For the past couple of decades, immigration reform has been an issue at the forefront of US politics. In particular, we've seen much debate surrounding our temporary worker visa program, especially the H-1B and H-2A/B categories. One visa category which has not garnered as much attention is the P visa, for non-immigrant entertainers, including musicians. While entertainers' visas may not seem as immediately significant as other immigration reform issues, the fact remains that throughout the last three administrations, countless international artists, especially musicians, have been unable to perform in the US, whether because their visa petitions took too long to process or were denied outright for unclear reasons, or because they lacked the time or the money to invest in the application process; or, quite simply, because they were unaware of all the bureaucratic hoops they needed to jump through. One of the most recent and highest profile examples occurred during the 2017 South by Southwest music festival, in which apparent confusion over the necessary visas for foreign performers led to numerous bands being detained and/or deported. Yet the problems extend back much further, as illustrated by this New York Times article from 2012 focusing on the visa issues plaguing several international artists, including flamenco singer Pitingo and the Hallé orchestra (Manchester, England). In fact, nearly every international musician who has ever entertained a hope of performing in the US has a tale of frustration and disappointment to share. The process is so tedious and costly that as a result, many bands are choosing to forgo the US market completely. Simply put, throwing needless obstacles in the way of foreign entertainers' entry into the country costs money - American money. Foreign musicians who tour the US, and their management and crew, pay for flights, vans/buses, gasoline, food, and lodging, and in some cases may opt to purchase equipment or musical instruments, all in addition to the usual revenue tourists bring to the country. Mid-size to large American festivals, such as the aforementioned SXSW or even Maryland Deathfest, an annual metal festival in Baltimore, bring hundreds, even thousands, of people to the area, all of whom are spending money (there’s no doubt that the city of Baltimore enjoys a financial windfall every year due to this event); while in the case of a tour, local venues both small and large, along with surrounding businesses like bars, restaurants, and hotels, stand to benefit, as do American promoters. While it's often come to be accepted that lesser-known international bands may not see much of a profit when they explore the American market, it would appear that the economies that would benefit the most from an easier route to entertainer visas are American, and often local. There's no reason to treat foreign musicians like criminals or terrorists. The majority are ordinary men and women, many of whom maintain part- or full-time jobs in their home countries to supplement the meager profits they see from trying to sell their music. In today's world of online streaming and illegal downloads, what money they do earn must by necessity come from live performances. Most, if not all, truly want to do the right thing, entering the country legally, spending 3-4 weeks at most performing and meeting their fans, and then returning home. Unfortunately, our current P visa system makes it nearly impossible for any but the wealthiest and most popular groups to meet the needlessly strict requirements. It is in everyone's best financial interest to begin seriously reforming this draconian system, and will do much to increase goodwill toward the US abroad. Simple, common sense changes could go a long way toward streamlining and democratizing the P visa process, particularly for the P1 visa most commonly used by musical groups. I would propose starting with the following: Increase USCIS staffing to better and more quickly accommodate applicants, and especially, hire more workers specifically for the purpose of vetting P visa applications. Ideally, those handling P1 visas should have some basic knowledge of the entertainment industry, especially regarding the unique challenges faced by musicians. Turnaround time from submission of materials to determination of visa approval or denial should NOT exceed three (3) months. Eliminate the requirement for interviews at US embassies for P1 visa applicants. If the applicant has already obtained the necessary consultation letter from the American Federation of Musicians, then as long as they can provide proof of identification, completed form DS-160, planned itineraries, and confirmation from American promoters or venue owners, etc., there should be no need for this step. As previously mentioned, most artists have at least one other job in addition to their activities as musicians; traveling to their country's US embassy means a day of work lost. Most of the process, if not all, should be able to be done online or through the mail. Reduce costs for P visas. If the US embassy interview requirement cannot be eliminated entirely, then the interview fees must be significantly reduced. While $190 per person might not seem like a lot of money to a big-name artist, it is not insignificant to most working, touring groups - and if you are a band of four or more musicians, the costs quickly add up. Additionally, the costs for AFM consult letters should also be significantly reduced from the current price of $250. Bear in mind that all these costs are in addition to whatever money the band may have to spend on hiring translators or other services to help guide them through the process, as well as the costs to mail all materials. Most importantly, understanding that the term "internationally recognized" is subjective and problematic, it must be eliminated from P1 visa requirements. It should be clear to anyone that record sales are no longer an accurate metric for determining a band's success in a certain country, but even awards, prizes, endorsements, and media coverage will skew heavily towards only the most popular musicians in the most popular genres of music. Musicians in lesser-known genres such as heavy metal may have very little in the way of traditional media to prove to a USCIS agent who is unfamiliar with the genre that their application is worthy of approval. It is very easy to prove that a foreign band has been established for a certain number of years, and has a sizable, passionate, and active fan base in the US, by submitting social media links, such as the band's promotional Facebook, Twitter, or Instagram profiles. Most musicians would be more than happy to provide these links to help prove their reputation and worthiness for visa approval and a simple perusal by an agent should reveal all necessary information. Beyond that, whether or not the band is internationally recognized or renowned enough to play in the US, is something that they need to determine themselves. Most musicians are intelligent and savvy enough to be able to identify their biggest markets. If, after years of activity, they have determined that it makes financial sense to explore the US market, then that risk should be on them, and is not really the US government's concern. Finally, RFEs should be issued only under the most extraordinary circumstances. The task of the USCIS agent reviewing a P1 visa application should primarily be to simply confirm the identity of the musicians, whether they are who they say they are according to their band’s social media profiles, details of their performances, and whether they intend to come only to play the shows in question without staying on for a longer period of time or engaging in any other activities. Requests for Evidence should only be issued in cases where the agency suspects fraud, or significant criminal risk to US citizens if the musicians in question enter the country. RFEs beyond information that should have already been submitted at the time of the original application cost musicians extra time and money, and can mean that they are waiting in limbo for their visa to be approved right up until a day or two before they are supposed to depart for the US. By and large, most musicians are NOT a threat to national security and we need not treat them as such. Over and above all, we can reform the P visa system and make it more tolerable both for foreign bands and their American fans simply by maintaining respect for musicians, and indeed all artists. America must learn to value art, not criminalize it.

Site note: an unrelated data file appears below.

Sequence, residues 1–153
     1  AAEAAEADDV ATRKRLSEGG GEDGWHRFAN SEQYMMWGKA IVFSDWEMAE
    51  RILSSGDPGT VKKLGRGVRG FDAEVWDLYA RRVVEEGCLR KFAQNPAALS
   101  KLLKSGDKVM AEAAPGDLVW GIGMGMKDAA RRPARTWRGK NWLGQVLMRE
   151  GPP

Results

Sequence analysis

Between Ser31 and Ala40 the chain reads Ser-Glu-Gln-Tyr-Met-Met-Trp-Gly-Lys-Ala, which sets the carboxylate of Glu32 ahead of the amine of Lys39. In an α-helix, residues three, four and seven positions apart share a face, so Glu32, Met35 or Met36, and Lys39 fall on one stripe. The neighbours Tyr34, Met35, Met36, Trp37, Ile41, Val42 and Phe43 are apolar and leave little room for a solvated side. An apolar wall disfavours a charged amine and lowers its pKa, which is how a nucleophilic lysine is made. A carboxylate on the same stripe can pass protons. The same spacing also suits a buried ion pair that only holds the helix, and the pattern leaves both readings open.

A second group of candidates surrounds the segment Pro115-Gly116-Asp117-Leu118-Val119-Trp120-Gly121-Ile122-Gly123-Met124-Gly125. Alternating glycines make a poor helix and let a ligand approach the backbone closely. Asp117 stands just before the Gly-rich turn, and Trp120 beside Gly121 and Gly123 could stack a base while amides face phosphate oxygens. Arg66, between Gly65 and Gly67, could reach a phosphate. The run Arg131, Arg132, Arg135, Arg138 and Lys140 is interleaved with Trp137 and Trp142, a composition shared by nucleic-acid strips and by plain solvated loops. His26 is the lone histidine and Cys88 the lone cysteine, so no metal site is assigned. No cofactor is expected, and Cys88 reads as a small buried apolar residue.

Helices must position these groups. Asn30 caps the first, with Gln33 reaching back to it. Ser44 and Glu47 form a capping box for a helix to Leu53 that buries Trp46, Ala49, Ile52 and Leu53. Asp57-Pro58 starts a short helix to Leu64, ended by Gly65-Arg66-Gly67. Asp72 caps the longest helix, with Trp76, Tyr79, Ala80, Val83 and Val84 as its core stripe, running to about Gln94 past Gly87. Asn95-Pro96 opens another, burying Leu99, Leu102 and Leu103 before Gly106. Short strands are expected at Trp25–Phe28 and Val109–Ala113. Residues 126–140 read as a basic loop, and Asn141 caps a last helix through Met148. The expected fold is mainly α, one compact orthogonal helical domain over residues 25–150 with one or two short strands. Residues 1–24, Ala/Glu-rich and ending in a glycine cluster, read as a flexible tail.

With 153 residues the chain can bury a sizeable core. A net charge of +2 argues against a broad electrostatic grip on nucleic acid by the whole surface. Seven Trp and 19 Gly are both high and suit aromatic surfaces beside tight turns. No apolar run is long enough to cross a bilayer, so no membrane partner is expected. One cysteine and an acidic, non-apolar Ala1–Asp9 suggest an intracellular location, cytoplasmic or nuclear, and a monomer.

Samantha G.